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saved it with some pretty radical maneuvers based on sporadic visual references from the ground. It is truly amazing how little ground reference will work to keep you upright. Had I begun the same loss of control in zero-zero I would have crashed for sure. Sidebar: I must have made Eric queasy with that last recovery because he decided I needed some remedial training. The exercise was straight & level with power set for level flight at 100 knots. Let’s see what happens with 5 degrees nose up (nice steady climb at 500 fpm 90 knots) ….. now 10 degrees nose up …… way too much climb and …. airspeed dropping. (memory of my first crash!) OK now descend 5 degrees nose down …. (nice controlled 500 fpm decent at 110 knots) …. Now 10 degrees nose down …. Too much dive, airspeed to 120 kts. Abort, Abort!! The point is, for this set it and forget it (Ronco method) power technique to work, you need to do “finger flying”. My friends, this is NOT easy and needs practice. Your life, the lives of your passengers and the survival of your helicopter may depend on it. Now are you getting the idea why you NEED to take this course? Third attempt: “OK”, Eric said. “Let’s try going down through the layer again. (2000 to 1500’). Set power (4.5 on the FLI) - Establish 100 – 110 knots and a 500 fpm decent. Don’t change anything. Watch attitude and direction ….. relax! Ahh …. Much better. The unexpected is the total release of stress and hyper-concentration. Even when you try to combat it, it’s still there lurking in the background ready to screw up your controls. When you finally break through you have such a release that you feel like you could fly the helicopter with your feet up on the instrument pod and an ice cream cone in your left hand. (Yeah, I know it’s a silly mental picture, but you get the idea.) Fixed speed demonstration: To underscore the point about controlling workload in an emergency in IMC conditions, Eric had me attempt to maintain a fixed 90 knots beginning below a cloud layer at (Continued on page 11)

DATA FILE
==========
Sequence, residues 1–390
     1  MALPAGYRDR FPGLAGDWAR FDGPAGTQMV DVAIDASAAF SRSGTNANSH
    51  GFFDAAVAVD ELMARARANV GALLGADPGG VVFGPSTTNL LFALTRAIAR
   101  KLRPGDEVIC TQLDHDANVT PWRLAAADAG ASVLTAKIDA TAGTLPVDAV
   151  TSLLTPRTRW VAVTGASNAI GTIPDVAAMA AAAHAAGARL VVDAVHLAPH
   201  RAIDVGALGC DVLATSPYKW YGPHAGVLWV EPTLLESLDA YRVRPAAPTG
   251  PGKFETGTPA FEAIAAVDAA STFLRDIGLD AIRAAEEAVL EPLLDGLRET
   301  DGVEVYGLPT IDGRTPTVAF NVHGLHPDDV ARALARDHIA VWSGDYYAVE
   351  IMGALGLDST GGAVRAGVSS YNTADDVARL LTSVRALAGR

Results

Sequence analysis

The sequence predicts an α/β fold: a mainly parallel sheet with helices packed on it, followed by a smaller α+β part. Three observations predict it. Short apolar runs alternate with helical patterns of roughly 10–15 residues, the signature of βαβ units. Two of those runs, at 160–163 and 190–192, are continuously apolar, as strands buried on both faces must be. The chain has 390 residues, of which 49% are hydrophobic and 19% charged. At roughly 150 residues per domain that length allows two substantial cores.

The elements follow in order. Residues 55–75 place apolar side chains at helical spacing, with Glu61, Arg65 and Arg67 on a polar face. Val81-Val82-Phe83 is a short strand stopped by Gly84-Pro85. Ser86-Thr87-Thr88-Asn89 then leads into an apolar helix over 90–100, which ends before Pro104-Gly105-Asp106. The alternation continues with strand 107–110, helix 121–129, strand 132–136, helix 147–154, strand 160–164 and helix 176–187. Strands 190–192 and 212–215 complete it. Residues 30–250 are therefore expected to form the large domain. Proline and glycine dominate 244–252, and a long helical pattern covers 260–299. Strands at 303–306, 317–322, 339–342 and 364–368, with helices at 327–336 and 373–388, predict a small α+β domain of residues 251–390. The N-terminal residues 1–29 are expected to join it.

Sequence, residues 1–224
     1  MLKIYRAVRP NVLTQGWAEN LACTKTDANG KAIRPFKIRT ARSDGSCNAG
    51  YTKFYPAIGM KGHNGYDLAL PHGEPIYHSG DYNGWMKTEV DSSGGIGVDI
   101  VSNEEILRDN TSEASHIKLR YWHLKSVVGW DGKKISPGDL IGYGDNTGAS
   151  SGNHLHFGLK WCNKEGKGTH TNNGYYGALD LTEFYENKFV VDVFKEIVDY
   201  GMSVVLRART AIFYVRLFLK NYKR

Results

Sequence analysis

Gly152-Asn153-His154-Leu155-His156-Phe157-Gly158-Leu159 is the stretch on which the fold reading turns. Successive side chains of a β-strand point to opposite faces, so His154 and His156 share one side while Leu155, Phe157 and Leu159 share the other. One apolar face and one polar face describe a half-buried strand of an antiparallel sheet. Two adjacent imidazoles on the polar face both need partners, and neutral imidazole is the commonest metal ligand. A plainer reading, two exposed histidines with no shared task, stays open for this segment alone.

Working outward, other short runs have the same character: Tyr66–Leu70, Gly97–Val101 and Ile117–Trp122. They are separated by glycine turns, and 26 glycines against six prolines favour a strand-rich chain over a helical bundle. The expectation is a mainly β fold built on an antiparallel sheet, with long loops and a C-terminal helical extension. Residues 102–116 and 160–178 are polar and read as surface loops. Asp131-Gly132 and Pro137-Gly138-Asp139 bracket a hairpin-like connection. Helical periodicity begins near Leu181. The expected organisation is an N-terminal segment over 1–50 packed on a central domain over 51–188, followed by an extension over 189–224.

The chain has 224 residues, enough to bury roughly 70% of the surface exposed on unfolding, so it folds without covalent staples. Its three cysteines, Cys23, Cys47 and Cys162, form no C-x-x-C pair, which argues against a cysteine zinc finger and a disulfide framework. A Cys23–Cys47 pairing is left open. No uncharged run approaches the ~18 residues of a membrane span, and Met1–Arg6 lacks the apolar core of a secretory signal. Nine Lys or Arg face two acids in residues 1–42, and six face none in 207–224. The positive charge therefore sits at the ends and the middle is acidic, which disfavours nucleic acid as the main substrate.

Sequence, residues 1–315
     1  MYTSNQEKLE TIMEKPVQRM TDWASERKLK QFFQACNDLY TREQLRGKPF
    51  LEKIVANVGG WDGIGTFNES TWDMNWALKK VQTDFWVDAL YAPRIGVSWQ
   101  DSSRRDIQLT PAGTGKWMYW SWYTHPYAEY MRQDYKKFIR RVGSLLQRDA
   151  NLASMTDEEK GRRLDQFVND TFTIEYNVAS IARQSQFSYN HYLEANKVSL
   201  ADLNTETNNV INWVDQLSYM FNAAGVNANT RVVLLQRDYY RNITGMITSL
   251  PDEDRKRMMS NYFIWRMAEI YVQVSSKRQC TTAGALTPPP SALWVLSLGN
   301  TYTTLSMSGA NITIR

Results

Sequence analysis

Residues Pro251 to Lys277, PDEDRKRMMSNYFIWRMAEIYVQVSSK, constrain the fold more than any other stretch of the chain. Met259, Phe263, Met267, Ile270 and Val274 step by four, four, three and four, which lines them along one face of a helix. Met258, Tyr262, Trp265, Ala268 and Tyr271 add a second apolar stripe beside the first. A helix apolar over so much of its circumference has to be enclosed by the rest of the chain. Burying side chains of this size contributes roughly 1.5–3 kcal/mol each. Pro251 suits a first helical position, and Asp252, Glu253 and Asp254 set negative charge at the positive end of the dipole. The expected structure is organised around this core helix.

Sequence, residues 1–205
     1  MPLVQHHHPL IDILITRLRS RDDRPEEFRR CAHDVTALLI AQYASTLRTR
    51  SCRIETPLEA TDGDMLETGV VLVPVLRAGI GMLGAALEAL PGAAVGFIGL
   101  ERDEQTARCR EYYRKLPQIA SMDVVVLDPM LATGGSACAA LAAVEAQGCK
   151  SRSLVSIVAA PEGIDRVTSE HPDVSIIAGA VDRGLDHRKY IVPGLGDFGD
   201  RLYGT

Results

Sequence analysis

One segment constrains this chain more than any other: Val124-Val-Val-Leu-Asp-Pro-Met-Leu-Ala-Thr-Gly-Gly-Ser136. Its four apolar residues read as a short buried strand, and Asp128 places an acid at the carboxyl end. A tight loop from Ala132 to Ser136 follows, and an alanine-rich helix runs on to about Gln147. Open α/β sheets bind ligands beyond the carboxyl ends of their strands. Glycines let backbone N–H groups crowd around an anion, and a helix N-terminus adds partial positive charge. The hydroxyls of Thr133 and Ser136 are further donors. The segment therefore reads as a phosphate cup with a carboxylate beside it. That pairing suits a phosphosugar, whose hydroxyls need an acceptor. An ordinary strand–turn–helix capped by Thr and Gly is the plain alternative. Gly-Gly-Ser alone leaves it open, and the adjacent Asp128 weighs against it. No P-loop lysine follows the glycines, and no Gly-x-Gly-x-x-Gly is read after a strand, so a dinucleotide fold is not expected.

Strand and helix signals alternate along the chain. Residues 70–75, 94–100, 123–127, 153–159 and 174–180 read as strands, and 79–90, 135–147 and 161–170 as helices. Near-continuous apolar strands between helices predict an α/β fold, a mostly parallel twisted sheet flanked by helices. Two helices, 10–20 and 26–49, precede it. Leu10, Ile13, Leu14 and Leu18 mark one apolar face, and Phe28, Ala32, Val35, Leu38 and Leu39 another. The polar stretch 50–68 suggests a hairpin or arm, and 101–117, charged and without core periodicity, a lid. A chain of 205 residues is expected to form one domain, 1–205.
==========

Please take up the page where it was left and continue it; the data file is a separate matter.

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SAFETY ALERT The NEHC encourages you to adopt the International Helicopter Safety Team’s (IHST) safety recommendations. These recommendations are supported by expert analysis of helicopter accidents that continue to occur in many parts of the world. We join the Helicopter Association International (HAI) and the CEO’s of AgustaWestland, Bell, Eurocopter and Sikorsky in their “call to action by helicopter owners, operators and pilots” to implement the recommendations of the IHST and its regional affiliates.